Setting Up A Client-Side JavaScript Project With Gulp And Browserify


For JavaScript developers, it can be hard to keep up to date with the latest frameworks and libraries. It seems like every day there’s a new something.js to check out. The build process is no exception, so it’s worth re-evaluating your options every now and then.

My build process toolset has traditionally been comprised of RequireJS for dependency loading, and Grunt. They’ve worked great, but recently I was pairing with someone who prefers to use Gulp and Browserify instead. After using them on a couple of projects, I’m coming to like them quite a bit. They’re great for use with Backbone, Angular, Ember, React, and my own hand-rolled JavaScript projects.

In this post, we’ll explore how to set up a client-side JavaScript project for success using Gulp and Browserify.

Defining the Project Structure

For the purposes of this post, we’ll pretend we’re building an app called Car Finder, that helps you remember where you parked your car. If you want to follow along, check out the code on GitHub.

When building a full application that includes both an API server and a client-side JavaScript app, there’s a certain project structure that I’ve found often works well for me. I like to put my client-side app in a folder called client, one level down from the root of my project. This folder usually has sibling folders named server, test, public, and build. Here’s how this would look for Car Finder:

|- build
|- client
   |- less
|- public
   |- javascripts
   |- stylesheets
|- server
|- test

The idea is to do our app developent inside of client, then use a build task to compile the JS and copy it to the build folder, where it will be minified, uglified, and copied to public to be served by the backend.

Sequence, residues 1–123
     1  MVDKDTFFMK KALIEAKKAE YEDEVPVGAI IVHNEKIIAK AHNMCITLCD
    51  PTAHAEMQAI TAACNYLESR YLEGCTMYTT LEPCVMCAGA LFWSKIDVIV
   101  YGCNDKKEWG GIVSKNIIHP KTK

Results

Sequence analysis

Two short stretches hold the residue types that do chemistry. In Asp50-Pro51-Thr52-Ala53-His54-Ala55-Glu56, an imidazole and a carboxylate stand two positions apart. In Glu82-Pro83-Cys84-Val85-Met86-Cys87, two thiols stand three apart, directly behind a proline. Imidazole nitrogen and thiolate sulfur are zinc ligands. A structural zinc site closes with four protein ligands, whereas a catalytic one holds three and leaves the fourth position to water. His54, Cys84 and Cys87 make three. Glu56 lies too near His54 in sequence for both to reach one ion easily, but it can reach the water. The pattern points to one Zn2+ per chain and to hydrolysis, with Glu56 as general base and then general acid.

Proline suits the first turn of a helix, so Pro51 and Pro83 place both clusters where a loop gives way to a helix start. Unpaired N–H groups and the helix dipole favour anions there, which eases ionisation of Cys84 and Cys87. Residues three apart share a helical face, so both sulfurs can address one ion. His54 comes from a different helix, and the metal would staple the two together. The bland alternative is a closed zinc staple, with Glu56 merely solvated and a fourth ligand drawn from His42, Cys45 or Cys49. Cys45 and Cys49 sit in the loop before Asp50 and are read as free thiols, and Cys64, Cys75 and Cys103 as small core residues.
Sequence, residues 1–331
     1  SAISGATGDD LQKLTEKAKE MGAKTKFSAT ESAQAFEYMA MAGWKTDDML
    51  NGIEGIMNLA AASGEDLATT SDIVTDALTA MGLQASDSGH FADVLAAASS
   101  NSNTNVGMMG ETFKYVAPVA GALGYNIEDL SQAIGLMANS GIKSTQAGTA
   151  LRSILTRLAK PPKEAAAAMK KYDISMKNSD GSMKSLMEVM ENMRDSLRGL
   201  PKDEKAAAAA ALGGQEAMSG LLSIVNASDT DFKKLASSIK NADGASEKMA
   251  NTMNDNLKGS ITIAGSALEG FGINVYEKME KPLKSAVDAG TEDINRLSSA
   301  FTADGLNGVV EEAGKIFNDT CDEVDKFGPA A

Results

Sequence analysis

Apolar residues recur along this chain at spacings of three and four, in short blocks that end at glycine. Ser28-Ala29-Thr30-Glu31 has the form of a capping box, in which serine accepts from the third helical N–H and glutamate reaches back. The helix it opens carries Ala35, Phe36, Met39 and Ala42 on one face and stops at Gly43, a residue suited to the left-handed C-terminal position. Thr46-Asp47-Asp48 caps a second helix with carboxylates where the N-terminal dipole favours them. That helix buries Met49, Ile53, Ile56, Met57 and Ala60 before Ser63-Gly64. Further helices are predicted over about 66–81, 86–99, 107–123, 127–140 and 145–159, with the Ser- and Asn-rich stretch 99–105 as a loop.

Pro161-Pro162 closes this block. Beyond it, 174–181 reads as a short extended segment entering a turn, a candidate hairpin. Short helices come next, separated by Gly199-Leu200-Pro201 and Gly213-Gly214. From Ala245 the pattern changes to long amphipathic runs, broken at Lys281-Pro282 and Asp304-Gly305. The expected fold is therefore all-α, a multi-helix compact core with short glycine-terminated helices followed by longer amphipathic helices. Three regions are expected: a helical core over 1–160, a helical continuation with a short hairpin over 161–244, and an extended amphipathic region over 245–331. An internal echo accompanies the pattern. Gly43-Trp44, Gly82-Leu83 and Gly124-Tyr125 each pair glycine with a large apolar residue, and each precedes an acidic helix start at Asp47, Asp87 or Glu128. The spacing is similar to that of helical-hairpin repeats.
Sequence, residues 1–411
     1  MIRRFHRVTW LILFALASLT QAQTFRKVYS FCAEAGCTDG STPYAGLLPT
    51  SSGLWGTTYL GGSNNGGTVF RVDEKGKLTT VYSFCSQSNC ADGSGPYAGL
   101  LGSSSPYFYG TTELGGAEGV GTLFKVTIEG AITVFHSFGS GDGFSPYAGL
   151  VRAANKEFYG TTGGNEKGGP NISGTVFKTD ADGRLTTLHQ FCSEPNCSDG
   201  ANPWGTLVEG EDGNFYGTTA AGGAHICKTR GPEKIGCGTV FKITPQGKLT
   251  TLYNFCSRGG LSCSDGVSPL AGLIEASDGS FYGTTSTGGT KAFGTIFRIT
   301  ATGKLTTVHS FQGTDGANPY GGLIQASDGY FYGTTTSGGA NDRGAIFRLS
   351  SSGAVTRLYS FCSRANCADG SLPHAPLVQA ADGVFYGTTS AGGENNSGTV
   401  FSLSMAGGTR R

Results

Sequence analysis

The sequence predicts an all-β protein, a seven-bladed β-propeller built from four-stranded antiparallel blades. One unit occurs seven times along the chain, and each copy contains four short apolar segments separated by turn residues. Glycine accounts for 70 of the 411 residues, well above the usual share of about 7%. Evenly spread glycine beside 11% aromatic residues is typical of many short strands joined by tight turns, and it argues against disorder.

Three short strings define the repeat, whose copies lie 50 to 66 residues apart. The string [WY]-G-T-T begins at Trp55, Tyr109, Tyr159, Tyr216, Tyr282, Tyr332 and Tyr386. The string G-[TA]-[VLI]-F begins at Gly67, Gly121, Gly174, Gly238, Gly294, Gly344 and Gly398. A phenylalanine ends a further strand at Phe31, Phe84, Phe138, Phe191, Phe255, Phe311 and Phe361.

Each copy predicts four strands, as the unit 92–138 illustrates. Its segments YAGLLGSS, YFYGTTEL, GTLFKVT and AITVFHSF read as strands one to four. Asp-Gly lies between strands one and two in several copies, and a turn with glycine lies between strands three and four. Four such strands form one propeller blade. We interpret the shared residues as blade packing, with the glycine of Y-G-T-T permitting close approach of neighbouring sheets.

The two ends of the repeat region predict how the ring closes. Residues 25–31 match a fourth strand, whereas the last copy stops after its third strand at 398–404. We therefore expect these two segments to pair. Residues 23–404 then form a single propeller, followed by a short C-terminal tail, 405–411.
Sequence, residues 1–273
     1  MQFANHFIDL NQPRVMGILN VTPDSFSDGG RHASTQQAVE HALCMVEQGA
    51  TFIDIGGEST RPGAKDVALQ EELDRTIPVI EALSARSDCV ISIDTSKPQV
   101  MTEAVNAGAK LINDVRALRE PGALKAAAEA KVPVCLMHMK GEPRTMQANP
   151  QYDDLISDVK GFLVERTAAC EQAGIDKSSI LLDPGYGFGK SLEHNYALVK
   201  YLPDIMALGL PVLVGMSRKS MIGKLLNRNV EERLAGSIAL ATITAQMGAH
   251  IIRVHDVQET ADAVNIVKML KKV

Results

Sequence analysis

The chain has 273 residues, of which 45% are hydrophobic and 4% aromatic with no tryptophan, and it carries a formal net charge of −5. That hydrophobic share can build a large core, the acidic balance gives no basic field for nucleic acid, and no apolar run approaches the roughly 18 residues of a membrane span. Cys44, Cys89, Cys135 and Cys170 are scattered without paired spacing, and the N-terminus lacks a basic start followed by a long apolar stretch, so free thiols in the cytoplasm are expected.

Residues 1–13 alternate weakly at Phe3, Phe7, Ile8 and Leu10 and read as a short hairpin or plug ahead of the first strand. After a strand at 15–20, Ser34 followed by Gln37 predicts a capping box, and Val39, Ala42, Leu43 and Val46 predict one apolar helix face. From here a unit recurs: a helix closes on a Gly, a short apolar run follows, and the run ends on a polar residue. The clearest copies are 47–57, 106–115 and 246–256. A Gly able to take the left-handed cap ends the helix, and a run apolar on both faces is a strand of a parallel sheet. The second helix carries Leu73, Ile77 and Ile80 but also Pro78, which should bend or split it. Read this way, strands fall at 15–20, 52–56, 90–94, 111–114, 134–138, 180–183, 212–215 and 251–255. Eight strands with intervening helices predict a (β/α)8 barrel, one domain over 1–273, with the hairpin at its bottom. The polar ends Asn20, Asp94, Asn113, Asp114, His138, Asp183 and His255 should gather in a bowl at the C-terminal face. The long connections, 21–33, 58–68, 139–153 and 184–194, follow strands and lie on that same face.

Pulling In Dependencies

To get up and running, we’ll need to pull in some dependencies.

Run npm init and follow the prompts.

Add browserify, gulp, and our build and testing dependencies:

npm install --save-dev gulp gulp-browserify browserify-shim gulp-jshint gulp-mocha-phantomjs gulp-rename gulp-uglify gulp-less gulp-autoprefixer gulp-minify-css mocha chai

If you’re using git, you may want to ignore your node_modules folder with echo "node_modules" >> .gitignore.

Shimming Your Frameworks

You’ll probably want to use browserify-shim to shim jQuery and your JavaScript framework so that you can write var $ = require('jquery') into your code. We’ll use jQuery here, but the process is the same for any other library (Angular, Ember, Backbone, React, etc.). To set it up, modify your package.json like so:

  "name": "car-finder",
  "author": "Ben Lewis",
  "devDependencies": {
    "gulp-rename": "^1.2.0",
    "gulp": "^3.8.10",
    "gulp-mocha-phantomjs": "^0.5.1",
    "gulp-jshint": "^1.9.0",
    "gulp-browserify": "^0.5.0",
    "browserify": "^6.3.4",
    "browserify-shim": "^3.8.0",
    "mocha": "^2.0.1",
    "gulp-minify-css": "^0.3.11",
    "gulp-uglify": "^1.0.1",
    "gulp-autoprefixer": "^2.0.0",
    "gulp-less": "^1.3.6",
    "chai": "^1.10.0"
  "browserify-shim": {